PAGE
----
The Anatomy of Sound Through You.
You should think of your voice as a musical instrument. Like any other acoustic instrument, it has a motor (your breath), a vibrating element (your vocal folds, aka vocal cords), and a resonant chamber (throat, oral cavity, nasal cavity). And just as with any other instrument, proper care and handling is required to maintain its optimal tone and longevity.
Of course, your voice has fundamental differences compared with any other instrument, most notably is that it is part of you and your physiology. What affects your general health can impact the quality of your instrument and your ability to perform. While singing can be the most simple and natural thing in the world, becoming a great vocalist requires the same dedication, study, practice, and discipline necessary to excel at any musical instrument. It starts with a basic understanding of the structures that comprise the vocal instrument, and the mechanics of producing sound.
Voice production begins with your breath. When you inhale, the diaphragm — a large, horizontal muscle below the lungs — lowers, and the lungs expand and fill with air. When you exhale, air is expelled via elastic recoil of the lungs and thoracic cavity, aided by the abdominal muscles. The larynx houses the vocal cords, and as the air rushes through them, the resulting pressure causes them to vibrate hundreds — even thousands — of times per second. The sound this creates is then shaped by your throat, lips, tongue, palate, and jaw to form words and sounds. With healthy individuals, the vocal cords open when we are breathing and close when we are voicing, coughing, or swallowing.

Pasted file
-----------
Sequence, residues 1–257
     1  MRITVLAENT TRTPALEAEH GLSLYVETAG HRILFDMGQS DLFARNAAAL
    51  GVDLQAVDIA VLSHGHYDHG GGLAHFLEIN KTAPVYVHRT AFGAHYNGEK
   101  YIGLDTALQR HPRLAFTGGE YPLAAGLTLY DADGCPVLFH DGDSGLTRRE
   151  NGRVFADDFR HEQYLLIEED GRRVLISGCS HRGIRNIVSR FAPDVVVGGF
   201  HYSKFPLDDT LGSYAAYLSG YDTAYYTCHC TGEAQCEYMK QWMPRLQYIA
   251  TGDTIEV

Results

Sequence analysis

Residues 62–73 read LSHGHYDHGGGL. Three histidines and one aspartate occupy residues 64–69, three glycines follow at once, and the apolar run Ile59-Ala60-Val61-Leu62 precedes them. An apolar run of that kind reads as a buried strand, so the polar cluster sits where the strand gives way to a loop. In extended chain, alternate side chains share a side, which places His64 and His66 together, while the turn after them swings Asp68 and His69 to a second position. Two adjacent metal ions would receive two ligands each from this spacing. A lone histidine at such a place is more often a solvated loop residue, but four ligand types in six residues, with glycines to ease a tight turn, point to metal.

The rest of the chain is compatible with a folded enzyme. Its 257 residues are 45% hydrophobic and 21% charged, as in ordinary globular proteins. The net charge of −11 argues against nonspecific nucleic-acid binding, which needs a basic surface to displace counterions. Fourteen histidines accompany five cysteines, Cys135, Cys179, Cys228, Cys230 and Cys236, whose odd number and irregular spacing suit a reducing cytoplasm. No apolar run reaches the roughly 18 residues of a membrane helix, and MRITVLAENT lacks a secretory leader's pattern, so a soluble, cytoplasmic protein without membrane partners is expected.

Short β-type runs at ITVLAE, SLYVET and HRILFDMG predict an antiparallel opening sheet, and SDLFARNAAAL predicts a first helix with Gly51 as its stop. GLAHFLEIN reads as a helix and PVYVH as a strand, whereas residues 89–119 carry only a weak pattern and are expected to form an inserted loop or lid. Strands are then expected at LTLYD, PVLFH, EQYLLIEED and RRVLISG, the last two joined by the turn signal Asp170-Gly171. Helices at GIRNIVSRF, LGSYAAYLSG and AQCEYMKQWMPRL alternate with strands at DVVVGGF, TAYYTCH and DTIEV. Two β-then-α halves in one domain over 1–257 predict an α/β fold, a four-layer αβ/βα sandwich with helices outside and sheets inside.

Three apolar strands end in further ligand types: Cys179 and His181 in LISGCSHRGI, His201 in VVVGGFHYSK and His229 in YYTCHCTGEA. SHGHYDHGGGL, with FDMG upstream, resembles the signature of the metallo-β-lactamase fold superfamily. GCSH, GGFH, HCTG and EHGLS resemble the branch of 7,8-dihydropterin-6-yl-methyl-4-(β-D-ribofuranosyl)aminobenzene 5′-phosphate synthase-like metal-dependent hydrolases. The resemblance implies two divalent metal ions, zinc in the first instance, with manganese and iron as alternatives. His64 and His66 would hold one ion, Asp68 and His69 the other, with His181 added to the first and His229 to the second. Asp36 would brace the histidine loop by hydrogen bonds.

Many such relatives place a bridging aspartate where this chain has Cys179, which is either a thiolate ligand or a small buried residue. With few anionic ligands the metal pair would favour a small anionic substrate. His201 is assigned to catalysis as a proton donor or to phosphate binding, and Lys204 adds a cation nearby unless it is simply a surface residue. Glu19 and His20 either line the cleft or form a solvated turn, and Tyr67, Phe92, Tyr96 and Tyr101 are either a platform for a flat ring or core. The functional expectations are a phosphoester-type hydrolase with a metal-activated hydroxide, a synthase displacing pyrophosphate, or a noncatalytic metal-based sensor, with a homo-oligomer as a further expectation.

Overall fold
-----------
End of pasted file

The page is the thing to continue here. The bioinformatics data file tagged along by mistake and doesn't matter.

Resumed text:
Next to and above the vocal cords are the false vocal cords (ventricular folds). Typically, the false vocal cords don’t vibrate when you’re voicing, but they may come together if you have muscle tension dysphonia, a fairly common condition where excessive muscle tension occurs with voice production.
Like all acoustic instruments, your voice has its own special chambers for resonating tone. Once a tone is produced by the vibrating vocal cords, it resonates in and through these chambers, including the throat, mouth, and nasal cavity. While the area above your nasal cavity (the head) and your chest don’t literally resonate, singers and vocal coaches will often refer to them as resonant chambers. These different chambers are often described as having different colors or timbres, from dark (chest) to bright (head/nasal). The greater command you have of all the colors in the resonant spectrum, the greater your dynamic range of tones, notes, volumes, and sounds.
Head voice: Softer singing primarily occurs in the head voice (head resonance), which feels as if the sound you were producing is resonating in your head.
Nasal (mask) resonance: Nasal resonance is bright and is generally part of any well-balanced tone. Combined with the mouth, this can create a resonance that is placed forward, or in the mask (the front part of your face).
Chest resonance: While not precisely resonating in the chest, the sensation is that this tone emanates from below your throat, providing a rich, dark, deeper tone with power and warmth.